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Oxfordshire joins as sixth trailblazer for charging reform



Oxfordshire will join five other local authorities to implement charging reform early, including the lifetime care costs cap of £86,000.


Oxfordshire is the latest local authority to join as a trailblazer for the government’s social care reform. It will implement the changes of the charging reform early to end unpredictable care costs for local care receivers.


To ensure a smooth transition from the current charging system Oxfordshire joins Wolverhampton, Blackpool, Cheshire East, Newham, North Yorkshire to make changes early ahead of national roll out in October next year. This will include the lifetime cap for care costs of £86,000 for anyone receiving care in England, and a more generous means test to determine financial support from local authorities.


The government selected the six local authorities to ensure there was a representative cross section of communities so that any insight, evidence and lessons learned from this initiative would be helpful to all providers, local authorities and areas across England.


Minister for Care and Mental Health, Gillian Keegan, said:


"It’s great to have Oxfordshire join our trailblazers to implement the charging reform early. Oxfordshire, along with our other trailblazers, will pave the way ensuring we learn from any insight, evidence and lessons to help providers and local authorities across England in the future. We’re looking forward to working with them to make the ambitious change a reality."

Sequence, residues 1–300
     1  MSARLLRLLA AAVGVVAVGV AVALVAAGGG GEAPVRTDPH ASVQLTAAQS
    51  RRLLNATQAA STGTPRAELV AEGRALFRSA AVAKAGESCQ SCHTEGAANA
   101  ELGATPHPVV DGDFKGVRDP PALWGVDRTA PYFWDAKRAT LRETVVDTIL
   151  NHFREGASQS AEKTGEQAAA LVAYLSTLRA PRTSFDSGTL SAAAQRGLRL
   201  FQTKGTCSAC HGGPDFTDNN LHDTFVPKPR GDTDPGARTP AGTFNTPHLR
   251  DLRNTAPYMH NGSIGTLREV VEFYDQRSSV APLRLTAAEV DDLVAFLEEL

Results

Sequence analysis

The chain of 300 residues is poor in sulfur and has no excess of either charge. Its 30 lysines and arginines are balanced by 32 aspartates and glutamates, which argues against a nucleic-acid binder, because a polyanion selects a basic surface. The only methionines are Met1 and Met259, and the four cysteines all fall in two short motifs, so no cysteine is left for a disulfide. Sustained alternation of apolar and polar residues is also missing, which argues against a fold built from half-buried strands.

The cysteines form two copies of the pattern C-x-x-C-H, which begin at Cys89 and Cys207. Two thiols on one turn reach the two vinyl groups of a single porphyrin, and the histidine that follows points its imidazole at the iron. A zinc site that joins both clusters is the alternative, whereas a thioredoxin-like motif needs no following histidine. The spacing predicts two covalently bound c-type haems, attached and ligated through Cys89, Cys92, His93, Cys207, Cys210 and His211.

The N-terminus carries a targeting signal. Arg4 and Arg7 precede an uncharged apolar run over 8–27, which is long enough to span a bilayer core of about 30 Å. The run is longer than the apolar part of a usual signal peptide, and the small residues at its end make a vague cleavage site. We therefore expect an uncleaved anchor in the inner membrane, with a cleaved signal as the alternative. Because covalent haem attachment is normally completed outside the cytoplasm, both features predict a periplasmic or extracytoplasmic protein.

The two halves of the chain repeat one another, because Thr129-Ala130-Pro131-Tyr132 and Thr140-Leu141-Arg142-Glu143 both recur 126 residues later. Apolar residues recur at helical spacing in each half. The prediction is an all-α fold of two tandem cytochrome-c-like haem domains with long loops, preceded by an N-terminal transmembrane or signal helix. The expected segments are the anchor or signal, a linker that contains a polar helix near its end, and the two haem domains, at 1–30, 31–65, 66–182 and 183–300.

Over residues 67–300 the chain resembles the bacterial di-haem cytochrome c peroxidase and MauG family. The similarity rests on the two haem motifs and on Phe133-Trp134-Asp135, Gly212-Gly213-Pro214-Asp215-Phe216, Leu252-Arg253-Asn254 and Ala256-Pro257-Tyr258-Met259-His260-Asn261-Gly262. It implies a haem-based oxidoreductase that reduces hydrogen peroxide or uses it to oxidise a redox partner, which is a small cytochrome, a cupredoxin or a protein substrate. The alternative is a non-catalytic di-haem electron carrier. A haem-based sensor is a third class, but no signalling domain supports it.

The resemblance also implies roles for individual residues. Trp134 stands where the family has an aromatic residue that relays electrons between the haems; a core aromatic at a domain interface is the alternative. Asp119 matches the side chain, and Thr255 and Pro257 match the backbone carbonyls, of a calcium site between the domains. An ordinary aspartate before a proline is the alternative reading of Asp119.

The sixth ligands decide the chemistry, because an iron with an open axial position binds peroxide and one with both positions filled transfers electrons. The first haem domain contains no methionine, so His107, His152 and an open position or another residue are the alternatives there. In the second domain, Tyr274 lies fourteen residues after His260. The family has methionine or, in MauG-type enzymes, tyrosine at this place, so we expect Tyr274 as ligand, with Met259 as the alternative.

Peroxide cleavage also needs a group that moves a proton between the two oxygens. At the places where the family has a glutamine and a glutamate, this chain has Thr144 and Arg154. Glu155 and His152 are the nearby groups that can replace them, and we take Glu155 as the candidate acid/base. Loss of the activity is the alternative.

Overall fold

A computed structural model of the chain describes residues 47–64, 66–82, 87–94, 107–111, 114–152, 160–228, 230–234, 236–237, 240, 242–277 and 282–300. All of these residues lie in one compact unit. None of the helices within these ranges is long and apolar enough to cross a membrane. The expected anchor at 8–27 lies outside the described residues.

Councillor Tim Bearder, Oxfordshire County Council Cabinet Member for Adult Social Care said:


"We know reform in adult social care is needed to remove the unpredictable care costs people face as they get older. Oxfordshire is a national leader in adult social care and being a part of this small group of early adopters gives us the opportunity to influence how the programme will be rolled out and share our best practice with national government."


The government’s charging reform will be funded by the Health and Social Care Levy, which is set to raise more than £5.4billion including £3.6billion to reform the way people pay for their social care.


From October next year, no-one starting to receive care will pay more than £86,000 over their lifetime and no-one with assets of less than £20,000 will have to make any contribution from their savings or housing wealth – an increase from £14,250.


Means-tested support will be available for people with assets between £20,000 and £100,000, with this upper limit more than four times the current limit.


The trailblazers will shape the governments approach to the implementation of the charging reform across England, by allowing the Department of Health and Social care to trial key aspects of the reforms.


The initiative will produce valuable insight, evidence and lessons to aid the government in monitoring progress and identifying challenges to improve understanding of how it’ll work in practice.


These six local authorities will work with the department to educate and inform other local authorities with a series of events taking place before the final rollout.

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